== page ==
(Check out the list so far)
The Movie: Harry Potter and the Prisoner of Azkaban (2004)
One Sentence Plot Summary: Harry Potter and Hermione Granger have to go back…back to the future…to help Harry’s uncle and learn some hard truths.
Why It’s on the List: I think people are beginning to have conflicting feelings about this franchise with the new play, the ongoing prequel series that is desperately trying to recapture the magic (pun intended), and J.K. Rowling constantly putting her foot in her mouth. I think people associate this series more with being able to binge it on their cable channel or streaming service of choice as opposed to seeing the films individually.
While I think all eight movies have a baseline of quality, it’s clear that the first two are designed to be mostly children’s films. They’ve got a master of family fare in Chris Columbus and he does a perfectly solid job introducing the world. Undoubtedly, his participation in casting Daniel Radcliffe, Rupert Grint, and Emma Watson will be his legacy. In order for this franchise to have any meaning, new filmmakers would need to come in and elevate the material and bring more darkness.
Alfonso Cuaron does not have an extensive filmography, but his introduction into the Harry Potter world made a huge difference. The lighting is completely different in emphasizing greens and blues instead of oranges and yellows. The score takes on a more menacing tone. It rains a lot. Even Michael Gambon (taking over for the departed Richard Harris) adds some darkness to Dumbledore. This is the movie where I actually took Harry Potter seriously beyond just a kids movie.
I’ll address the follow-ups later, but even the time travel is about as tight and well explained as any other movie I’ve ever seen. Clearly, something is going on with Hermione appearing in various classes out of nowhere, but the idea of time travel isn’t brought up until the necessary point. I think this is ultimately the most important film of the franchise because it transitions the Potterverse into something more serialized and less episodic and also raises the stakes by introducing multiple new characters who play an important role in future sequels. Honestly, none of the other films were even considered for this list, but you can see vestiges of Cuaron’s style in them.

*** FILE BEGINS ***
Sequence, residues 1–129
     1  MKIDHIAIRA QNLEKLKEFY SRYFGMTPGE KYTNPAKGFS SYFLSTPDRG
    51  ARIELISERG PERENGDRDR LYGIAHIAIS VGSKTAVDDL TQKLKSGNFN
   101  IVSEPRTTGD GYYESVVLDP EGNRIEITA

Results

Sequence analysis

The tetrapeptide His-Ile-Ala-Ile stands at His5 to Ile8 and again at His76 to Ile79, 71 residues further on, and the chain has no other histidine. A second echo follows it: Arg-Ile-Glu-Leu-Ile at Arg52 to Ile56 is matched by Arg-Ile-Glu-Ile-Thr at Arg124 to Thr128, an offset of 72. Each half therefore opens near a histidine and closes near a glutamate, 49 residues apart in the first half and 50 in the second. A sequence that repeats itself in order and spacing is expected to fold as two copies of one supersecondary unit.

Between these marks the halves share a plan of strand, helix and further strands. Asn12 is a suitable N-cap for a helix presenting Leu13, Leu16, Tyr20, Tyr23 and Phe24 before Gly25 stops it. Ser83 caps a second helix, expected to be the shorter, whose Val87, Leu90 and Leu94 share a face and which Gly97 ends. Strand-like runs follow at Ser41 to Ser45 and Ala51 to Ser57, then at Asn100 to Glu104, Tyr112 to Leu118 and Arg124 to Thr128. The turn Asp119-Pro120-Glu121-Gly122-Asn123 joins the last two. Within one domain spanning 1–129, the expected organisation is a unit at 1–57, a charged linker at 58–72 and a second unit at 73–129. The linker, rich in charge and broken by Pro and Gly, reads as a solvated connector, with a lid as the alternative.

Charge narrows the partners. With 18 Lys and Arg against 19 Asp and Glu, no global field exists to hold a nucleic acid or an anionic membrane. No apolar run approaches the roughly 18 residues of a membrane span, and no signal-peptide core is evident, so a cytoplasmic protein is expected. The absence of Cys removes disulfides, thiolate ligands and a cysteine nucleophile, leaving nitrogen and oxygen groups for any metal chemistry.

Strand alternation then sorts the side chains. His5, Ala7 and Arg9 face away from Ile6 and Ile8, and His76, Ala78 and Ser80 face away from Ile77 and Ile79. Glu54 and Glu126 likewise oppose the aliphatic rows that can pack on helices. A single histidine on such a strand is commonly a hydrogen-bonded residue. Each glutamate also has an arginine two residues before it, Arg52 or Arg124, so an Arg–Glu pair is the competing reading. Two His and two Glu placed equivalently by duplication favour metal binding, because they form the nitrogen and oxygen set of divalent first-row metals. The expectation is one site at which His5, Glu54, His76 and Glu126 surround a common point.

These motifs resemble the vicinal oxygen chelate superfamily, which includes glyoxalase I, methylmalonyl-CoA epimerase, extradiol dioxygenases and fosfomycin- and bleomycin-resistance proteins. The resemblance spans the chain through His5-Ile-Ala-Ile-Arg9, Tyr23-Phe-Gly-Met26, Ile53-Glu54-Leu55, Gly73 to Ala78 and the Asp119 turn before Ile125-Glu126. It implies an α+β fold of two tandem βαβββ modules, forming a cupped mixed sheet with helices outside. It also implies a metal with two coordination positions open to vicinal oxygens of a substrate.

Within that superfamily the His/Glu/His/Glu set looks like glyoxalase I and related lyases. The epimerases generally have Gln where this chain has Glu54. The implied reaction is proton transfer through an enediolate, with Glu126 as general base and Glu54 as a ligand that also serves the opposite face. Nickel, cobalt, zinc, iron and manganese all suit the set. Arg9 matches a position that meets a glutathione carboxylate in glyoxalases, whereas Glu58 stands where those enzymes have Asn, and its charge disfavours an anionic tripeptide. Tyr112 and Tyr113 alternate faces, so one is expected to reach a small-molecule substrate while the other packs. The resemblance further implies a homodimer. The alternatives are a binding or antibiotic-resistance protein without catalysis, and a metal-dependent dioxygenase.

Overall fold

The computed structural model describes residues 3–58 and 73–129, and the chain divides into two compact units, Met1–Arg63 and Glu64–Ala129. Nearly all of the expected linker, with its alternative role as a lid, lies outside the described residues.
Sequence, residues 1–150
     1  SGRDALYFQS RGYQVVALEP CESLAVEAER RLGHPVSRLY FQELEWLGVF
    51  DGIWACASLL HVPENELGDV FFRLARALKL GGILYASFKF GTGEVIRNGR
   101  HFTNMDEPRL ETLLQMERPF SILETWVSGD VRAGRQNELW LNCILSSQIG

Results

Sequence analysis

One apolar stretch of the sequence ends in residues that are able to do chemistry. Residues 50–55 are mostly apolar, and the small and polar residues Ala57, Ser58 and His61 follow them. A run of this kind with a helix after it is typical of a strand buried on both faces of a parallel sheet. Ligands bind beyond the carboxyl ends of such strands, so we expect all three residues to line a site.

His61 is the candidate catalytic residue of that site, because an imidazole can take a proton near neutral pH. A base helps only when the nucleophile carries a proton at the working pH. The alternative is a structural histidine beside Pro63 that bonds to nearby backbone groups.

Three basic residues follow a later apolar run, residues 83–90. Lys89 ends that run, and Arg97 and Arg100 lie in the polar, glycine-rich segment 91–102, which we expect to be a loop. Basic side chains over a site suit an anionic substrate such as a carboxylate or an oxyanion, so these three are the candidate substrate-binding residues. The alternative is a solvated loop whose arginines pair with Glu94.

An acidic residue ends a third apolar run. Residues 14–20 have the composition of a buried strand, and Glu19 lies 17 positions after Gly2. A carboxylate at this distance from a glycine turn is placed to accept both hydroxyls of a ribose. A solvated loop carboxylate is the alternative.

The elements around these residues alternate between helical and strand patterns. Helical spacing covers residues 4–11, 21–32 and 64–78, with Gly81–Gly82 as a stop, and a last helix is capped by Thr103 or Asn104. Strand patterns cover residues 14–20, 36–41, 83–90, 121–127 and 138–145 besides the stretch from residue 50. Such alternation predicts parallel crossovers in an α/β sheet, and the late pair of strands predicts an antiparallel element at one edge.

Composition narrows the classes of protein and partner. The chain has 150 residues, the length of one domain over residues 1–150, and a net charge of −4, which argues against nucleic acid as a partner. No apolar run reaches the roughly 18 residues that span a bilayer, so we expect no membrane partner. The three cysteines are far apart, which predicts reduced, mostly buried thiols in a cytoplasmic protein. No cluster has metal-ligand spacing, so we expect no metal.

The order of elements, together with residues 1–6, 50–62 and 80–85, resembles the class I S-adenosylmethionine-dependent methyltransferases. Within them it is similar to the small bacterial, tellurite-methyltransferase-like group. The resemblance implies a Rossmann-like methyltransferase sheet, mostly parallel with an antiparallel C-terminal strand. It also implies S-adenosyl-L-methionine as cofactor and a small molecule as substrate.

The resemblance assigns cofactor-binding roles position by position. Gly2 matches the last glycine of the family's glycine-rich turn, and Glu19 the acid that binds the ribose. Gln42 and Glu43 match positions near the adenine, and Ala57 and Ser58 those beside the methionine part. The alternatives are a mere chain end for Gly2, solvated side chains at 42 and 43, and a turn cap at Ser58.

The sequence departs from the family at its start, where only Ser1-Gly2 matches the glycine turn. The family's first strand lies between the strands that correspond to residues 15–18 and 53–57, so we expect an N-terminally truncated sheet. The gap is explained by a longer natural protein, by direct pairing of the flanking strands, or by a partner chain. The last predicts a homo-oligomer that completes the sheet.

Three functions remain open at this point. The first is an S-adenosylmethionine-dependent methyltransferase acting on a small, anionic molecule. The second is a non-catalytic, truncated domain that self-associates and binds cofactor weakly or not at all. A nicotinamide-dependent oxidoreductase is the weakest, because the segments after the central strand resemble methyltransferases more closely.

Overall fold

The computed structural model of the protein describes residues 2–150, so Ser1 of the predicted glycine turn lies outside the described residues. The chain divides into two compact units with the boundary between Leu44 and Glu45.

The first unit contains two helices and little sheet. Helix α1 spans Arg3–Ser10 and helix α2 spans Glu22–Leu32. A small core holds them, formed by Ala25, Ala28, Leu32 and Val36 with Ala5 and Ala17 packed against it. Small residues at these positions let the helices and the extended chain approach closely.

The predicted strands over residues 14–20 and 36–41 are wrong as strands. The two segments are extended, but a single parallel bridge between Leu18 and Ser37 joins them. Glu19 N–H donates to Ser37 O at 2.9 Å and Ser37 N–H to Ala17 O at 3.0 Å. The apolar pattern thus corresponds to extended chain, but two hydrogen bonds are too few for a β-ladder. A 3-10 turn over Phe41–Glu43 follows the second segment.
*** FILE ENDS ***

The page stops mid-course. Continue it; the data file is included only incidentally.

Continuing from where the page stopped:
*JK Rowling’s Twitter…woof. This has nothing to do with the movie!
*There has been a lot of discussion about sexism and racism within this universe – far too much to get into here – but I would say the shrunken heads with dreadlocks are a clear representation of those issues.
MVP: Alfonso Cuaron’s influence can be seen throughout this movie. He’s the type of director who tried to make the actors write a character analysis essay. He strayed away from the book, stripped it for essential parts, and created a far more cohesive film than previous efforts. It’s a shame he didn’t direct any other sequels films because I think the series would have been even better.
Best Performance: These movies are always difficult to assess because the casting is top shelf. Taking every good British actor and having them be a part of the Hogwarts world is shockingly a great idea. I think Daniel Radcliffe had it tough playing Harry. Not only did he have to go through puberty right before millions of people’s eyes, but he had to play the lead character. Leads can often be boring, but he was always able to balance Harry being a chosen one figure and still being a scared boy. He also got to be angry and make mistakes, too.
Best Quote: “The very first time I saw you Harry, I recognized you immediately. Not by your scar, by your eyes. They’re your mother; Lily’s. Yes, I knew her. You mother was there for me at a time when no one else was. Not only was she a singularly gifted witch, she was also an uncommonly kind woman. She had a way of seeing the beauty in others, even, and perhaps most especially, when that person couldn’t see it in themselves. Your father, James, however, had a certain, shall we say, talent for trouble. A talent, rumor has it, he passed onto you. You’re more like them then you know, Harry. In time you’ll come to see just how much.” – Professor Lupin
Is there a sequel? Yes, five more.
How are they? I would say they are all good. Number four is probably my second favorite of the series as it continues the momentum of this one. David Yates took over for the duration and was a good shepherd if not always the most distinctive filmmaker.